“Lord, I know you said in the Gospel that it’s a faithless generation that asks for a sign, but I can be kinda hard-headed sometimes, and I’m human and operate through my senses. So if this is the right thing to do, could you send me some sort of sign? Send me…flowers?”
These are words I’ve prayed in the past, often when I was at a critical juncture in my life and wanting to know God’s will for my life. I always smile when I think back on the times when I prayed this way. I may not have gotten flowers per se, but I always got my answer. I reflected on this prayer after Bishop Paul Sirba visited our Community for Evening Prayer and supper.
During that visit he surprised us all by presenting each sister with a single, long-stemmed red rose. Later that evening, I gazed at my rose, sitting in its bud vase beneath a large crucifix in my room. I remembered my prayer from times past and I smiled. Ah, the power of a flower! As I continued gazing prayerfully at the rose, I realized that the leaves on the stem were outstretched like Jesus arms on my crucifix. My rose stood proudly and boldly beneath my crucifix, reminding me that the blessings we receive from God are also a call to surrender ourselves; that letting go of something precious to us often yields an even greater blessing; that the cross of Jesus is the ultimate sign of God’s love for us and the answer to our prayers.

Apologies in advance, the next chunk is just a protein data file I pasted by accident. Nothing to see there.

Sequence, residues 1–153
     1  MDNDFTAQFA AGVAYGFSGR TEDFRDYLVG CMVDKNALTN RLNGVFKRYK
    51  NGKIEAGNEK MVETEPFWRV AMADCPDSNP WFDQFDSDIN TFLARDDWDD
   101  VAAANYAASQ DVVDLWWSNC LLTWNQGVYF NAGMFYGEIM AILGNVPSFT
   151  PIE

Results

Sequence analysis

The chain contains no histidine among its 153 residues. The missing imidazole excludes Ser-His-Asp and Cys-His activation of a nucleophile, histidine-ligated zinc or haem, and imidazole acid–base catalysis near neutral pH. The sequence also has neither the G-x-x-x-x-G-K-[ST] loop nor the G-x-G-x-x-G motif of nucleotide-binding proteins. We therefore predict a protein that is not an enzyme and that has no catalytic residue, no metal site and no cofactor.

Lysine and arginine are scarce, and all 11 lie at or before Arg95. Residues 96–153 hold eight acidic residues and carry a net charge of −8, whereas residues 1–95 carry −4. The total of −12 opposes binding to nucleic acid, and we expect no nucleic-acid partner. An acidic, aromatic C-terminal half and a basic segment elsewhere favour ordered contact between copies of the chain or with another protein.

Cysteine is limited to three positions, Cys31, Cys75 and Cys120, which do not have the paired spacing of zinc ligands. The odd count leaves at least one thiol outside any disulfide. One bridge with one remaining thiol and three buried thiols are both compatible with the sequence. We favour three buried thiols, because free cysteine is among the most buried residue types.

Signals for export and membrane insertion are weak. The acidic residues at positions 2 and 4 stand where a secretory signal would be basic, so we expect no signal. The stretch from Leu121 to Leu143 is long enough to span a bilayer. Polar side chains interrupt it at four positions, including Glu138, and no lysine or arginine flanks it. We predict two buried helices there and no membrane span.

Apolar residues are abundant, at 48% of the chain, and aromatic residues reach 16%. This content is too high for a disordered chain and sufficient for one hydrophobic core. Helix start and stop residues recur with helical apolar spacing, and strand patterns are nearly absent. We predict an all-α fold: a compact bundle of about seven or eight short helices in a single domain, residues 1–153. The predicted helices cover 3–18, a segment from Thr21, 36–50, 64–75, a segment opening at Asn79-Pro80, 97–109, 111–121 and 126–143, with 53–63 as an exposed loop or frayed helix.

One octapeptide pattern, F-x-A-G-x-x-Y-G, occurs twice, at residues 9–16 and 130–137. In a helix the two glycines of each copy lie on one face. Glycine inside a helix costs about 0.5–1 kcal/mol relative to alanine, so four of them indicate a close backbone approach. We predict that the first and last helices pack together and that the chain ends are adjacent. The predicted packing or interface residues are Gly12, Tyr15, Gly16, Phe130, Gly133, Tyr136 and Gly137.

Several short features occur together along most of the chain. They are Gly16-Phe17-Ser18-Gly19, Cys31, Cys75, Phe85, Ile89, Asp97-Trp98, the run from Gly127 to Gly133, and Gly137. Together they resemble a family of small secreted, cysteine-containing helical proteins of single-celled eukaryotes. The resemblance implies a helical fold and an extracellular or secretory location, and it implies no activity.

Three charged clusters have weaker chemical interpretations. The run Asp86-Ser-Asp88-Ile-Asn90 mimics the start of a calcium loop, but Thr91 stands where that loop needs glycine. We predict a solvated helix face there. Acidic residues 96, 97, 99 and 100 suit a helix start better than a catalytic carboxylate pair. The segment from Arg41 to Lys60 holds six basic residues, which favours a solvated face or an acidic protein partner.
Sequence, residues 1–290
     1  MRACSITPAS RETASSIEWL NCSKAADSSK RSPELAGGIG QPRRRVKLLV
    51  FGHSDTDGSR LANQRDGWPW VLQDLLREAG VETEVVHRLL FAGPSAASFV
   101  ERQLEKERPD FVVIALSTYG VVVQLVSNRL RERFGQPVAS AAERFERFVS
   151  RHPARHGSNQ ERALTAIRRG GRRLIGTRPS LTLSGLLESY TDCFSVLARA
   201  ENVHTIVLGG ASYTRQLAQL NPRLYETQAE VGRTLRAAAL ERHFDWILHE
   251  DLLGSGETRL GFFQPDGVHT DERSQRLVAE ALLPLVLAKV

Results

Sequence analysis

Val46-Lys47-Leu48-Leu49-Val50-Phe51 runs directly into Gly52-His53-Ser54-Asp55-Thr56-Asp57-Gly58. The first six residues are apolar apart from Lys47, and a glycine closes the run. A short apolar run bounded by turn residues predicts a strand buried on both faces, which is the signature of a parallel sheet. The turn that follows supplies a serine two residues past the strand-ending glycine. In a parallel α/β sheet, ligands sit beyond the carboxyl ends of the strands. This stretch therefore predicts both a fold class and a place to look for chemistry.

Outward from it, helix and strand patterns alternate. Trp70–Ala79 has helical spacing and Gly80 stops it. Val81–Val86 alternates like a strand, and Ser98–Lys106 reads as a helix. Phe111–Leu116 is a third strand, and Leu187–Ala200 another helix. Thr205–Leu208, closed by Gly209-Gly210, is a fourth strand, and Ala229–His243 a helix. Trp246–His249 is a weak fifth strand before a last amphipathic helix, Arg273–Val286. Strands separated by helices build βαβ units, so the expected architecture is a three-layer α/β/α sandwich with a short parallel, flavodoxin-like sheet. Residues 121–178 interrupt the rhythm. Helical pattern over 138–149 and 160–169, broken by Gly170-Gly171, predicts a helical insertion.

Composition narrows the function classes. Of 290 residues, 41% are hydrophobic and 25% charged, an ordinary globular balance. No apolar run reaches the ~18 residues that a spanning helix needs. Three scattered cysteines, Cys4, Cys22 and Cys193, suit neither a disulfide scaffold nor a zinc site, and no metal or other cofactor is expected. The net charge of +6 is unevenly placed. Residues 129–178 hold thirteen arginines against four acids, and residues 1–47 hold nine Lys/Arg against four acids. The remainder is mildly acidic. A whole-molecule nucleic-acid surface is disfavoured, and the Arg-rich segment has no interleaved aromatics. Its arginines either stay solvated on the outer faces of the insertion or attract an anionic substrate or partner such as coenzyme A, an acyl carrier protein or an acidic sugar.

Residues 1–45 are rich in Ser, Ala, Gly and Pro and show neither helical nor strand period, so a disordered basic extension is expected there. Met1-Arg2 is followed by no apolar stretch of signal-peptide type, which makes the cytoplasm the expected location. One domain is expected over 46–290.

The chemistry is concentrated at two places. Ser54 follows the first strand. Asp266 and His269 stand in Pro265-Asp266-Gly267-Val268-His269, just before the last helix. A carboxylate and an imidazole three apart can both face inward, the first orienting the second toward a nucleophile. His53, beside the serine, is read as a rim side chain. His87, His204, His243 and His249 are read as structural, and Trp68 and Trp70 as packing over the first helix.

As I grow into my Benedictine vocation, I marvel at St. Benedict’s profound understanding of human nature and our need for love, acceptance, and belonging. St. Benedict’s Rule is a wake-up call to awareness of the presence of God in all people, things, and situations. All is sacred because through everything God touches our hearts and transforms us. Think about that the next time you wrap your fingers around the steering wheel of a car, drive someplace, share a meal and a conversation with someone, tie your shoelace, or any simple daily action. Everything you are and do can be a sign from God of who you are called to be and how you are called to live.
Sister Ann Marie Wainright
Sister Ann Marie Wainright is a Benedictine Sister of St. Scholastica Monastery in Duluth, Minnesota. Originally from New Orleans, Louisiana, she worked as a CPA for many years before earning dual masters degrees in counseling and pastoral studies. Sister Ann Marie is interested how people encounter God in their daily lives and how they use their faith and spirituality in meeting difficult challenges.